First held on the 10th of September in 1852 were the Pitlochry Highland Games, now held annually on the second Saturday in September. These are traditional Highland games with participants coming from all over the world. In bad weather there are two museums worth visiting. The Athol country life museum and the Athol Palace Museum. Just a few miles further north in Blair Athol, there is Athol castle. Home to the only private army in Europe and rich in history, this castle is certainly worth a visit.
With so much to see and do in Pitlochry, it is a perfect place to stop off during a visit to Scotland and the distilleries, but I would strongly suggest giving more time to Pitlochry and the Blair Athol distillery than one might feel is needed. It might have only one single malt to offer the palate but has a wealth of history in an incredible setting to keep a traveler happy.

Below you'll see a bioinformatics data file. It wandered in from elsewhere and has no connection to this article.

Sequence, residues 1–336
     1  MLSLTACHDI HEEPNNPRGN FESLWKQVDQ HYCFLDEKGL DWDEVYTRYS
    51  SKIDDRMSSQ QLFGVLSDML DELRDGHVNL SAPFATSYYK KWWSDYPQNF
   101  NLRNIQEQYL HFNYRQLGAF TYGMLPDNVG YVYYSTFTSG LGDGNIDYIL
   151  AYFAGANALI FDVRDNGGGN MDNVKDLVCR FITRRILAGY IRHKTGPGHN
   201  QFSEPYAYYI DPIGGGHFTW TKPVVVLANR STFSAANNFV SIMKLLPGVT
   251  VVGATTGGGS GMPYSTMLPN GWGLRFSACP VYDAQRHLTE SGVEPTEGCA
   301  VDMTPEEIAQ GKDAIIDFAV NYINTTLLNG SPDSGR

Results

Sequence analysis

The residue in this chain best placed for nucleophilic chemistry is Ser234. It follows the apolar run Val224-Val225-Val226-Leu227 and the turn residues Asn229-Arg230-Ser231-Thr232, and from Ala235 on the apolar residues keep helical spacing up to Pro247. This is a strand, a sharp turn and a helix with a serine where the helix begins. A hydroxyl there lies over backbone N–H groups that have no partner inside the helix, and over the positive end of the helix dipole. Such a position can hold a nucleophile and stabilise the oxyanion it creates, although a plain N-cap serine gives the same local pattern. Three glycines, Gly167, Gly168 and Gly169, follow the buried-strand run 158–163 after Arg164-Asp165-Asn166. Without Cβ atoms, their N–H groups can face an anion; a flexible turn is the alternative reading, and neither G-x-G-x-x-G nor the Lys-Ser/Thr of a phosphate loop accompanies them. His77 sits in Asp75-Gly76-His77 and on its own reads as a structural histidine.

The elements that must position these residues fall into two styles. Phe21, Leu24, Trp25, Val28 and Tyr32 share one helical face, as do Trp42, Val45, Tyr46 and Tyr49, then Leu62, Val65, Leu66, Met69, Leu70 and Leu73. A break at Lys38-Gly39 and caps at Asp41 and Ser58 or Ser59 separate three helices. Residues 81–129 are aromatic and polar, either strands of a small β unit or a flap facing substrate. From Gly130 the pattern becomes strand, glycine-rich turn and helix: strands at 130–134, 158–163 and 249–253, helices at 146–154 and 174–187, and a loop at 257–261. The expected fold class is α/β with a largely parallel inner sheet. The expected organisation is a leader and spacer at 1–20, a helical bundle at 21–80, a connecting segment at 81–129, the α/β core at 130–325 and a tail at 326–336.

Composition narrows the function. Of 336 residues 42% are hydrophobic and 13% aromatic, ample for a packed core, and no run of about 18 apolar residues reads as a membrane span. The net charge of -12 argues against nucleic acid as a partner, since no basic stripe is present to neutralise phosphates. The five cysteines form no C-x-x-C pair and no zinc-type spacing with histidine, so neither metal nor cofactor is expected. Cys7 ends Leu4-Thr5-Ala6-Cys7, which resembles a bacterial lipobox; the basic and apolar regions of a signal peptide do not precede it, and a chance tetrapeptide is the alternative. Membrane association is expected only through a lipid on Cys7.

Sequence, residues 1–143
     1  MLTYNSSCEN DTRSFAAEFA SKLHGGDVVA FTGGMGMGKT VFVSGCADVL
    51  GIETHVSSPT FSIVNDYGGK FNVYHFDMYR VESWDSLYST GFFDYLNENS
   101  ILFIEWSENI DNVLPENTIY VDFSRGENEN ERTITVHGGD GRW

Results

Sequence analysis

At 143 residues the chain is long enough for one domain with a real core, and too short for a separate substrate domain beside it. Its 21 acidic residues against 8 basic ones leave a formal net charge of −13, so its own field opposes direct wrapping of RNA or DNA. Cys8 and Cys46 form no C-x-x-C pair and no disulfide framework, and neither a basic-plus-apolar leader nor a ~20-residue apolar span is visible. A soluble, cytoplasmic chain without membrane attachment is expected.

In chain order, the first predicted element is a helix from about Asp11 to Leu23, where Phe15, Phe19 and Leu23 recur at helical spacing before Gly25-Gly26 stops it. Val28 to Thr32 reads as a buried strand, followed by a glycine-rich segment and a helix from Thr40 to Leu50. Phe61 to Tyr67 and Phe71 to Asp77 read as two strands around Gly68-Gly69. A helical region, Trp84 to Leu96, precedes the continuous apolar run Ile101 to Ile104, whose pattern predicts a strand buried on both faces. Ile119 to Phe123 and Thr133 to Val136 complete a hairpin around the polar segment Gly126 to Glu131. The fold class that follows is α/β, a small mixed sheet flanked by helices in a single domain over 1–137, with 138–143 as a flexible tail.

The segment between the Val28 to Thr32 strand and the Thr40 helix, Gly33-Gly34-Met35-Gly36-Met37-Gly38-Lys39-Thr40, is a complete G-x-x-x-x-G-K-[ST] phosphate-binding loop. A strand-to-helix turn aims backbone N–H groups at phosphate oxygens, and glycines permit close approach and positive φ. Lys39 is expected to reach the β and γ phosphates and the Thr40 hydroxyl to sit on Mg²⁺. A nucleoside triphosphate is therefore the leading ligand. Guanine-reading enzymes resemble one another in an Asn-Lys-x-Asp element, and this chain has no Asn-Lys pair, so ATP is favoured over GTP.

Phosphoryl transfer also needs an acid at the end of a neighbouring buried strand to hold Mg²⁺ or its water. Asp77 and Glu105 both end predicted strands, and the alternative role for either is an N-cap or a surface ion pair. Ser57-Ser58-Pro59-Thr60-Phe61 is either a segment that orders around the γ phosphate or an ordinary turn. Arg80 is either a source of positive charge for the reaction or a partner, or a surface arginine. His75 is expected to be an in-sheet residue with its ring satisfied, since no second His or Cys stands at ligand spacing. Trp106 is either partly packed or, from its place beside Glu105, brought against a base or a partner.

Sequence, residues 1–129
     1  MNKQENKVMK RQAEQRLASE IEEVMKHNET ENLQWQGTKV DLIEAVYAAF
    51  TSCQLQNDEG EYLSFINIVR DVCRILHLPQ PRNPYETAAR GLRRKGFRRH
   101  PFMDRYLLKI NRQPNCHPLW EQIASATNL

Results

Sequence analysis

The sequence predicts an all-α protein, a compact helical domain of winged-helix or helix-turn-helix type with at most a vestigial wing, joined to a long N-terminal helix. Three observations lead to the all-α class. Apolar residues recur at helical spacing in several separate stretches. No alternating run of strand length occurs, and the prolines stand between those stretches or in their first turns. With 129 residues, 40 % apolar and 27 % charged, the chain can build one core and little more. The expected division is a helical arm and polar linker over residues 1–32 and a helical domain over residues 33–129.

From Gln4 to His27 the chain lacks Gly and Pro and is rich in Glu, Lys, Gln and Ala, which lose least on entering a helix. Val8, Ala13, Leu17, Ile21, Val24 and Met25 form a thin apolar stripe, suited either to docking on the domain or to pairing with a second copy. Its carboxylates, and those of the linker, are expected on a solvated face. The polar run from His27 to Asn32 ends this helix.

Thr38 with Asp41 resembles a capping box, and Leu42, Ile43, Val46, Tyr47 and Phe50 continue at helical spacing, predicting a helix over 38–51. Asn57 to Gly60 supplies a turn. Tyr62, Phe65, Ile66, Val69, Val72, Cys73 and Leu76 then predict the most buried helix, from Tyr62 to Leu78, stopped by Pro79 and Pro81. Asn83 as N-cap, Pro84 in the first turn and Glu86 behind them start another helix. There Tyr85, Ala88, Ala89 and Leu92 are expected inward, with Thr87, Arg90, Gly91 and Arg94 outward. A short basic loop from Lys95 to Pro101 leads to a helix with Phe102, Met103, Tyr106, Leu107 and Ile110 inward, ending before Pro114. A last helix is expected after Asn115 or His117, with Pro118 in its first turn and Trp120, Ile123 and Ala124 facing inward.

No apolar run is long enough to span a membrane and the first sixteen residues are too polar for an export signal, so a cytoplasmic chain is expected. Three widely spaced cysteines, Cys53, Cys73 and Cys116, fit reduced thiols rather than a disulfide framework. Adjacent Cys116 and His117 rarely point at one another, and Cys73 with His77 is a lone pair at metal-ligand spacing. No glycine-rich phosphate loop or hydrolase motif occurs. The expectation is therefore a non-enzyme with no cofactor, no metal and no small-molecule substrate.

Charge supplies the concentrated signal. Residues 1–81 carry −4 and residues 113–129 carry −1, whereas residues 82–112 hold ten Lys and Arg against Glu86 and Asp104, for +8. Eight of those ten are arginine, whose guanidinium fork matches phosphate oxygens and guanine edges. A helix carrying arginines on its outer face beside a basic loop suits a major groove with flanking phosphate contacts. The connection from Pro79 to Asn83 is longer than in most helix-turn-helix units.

ABOUT THE AUTHOR
Colin is a presenter on The Three Drinkers TV series on Amazon Prime, chairman of the Circle of Wine Writers and a Keeper of the Quaich . After starting his career at The Scotsman, he has worked at The Times and FT before becoming the founding editor of Whisky Quarterly. He is now the whisky editor for Club Oenologique magazine, and is an international wine and spirits judge, including judgi ng for the International Wine and Spirits Competition. Colin Is also a liveryman of the Worshipful Company of Distillers. Jennifer was thrilled for the opportunity to merge her communications background with her passion for wine in accepting a position as Acker’s Director of Marketing & Communications in 2021. Wine is intriguing to Jennifer in large part because there’s always something new to master, and she’s currently busy learning the auction side of the business as part of the team at Acker. When she’s not holding a wine glass, Jennifer is lifting a barbell or planning her next travel adventure.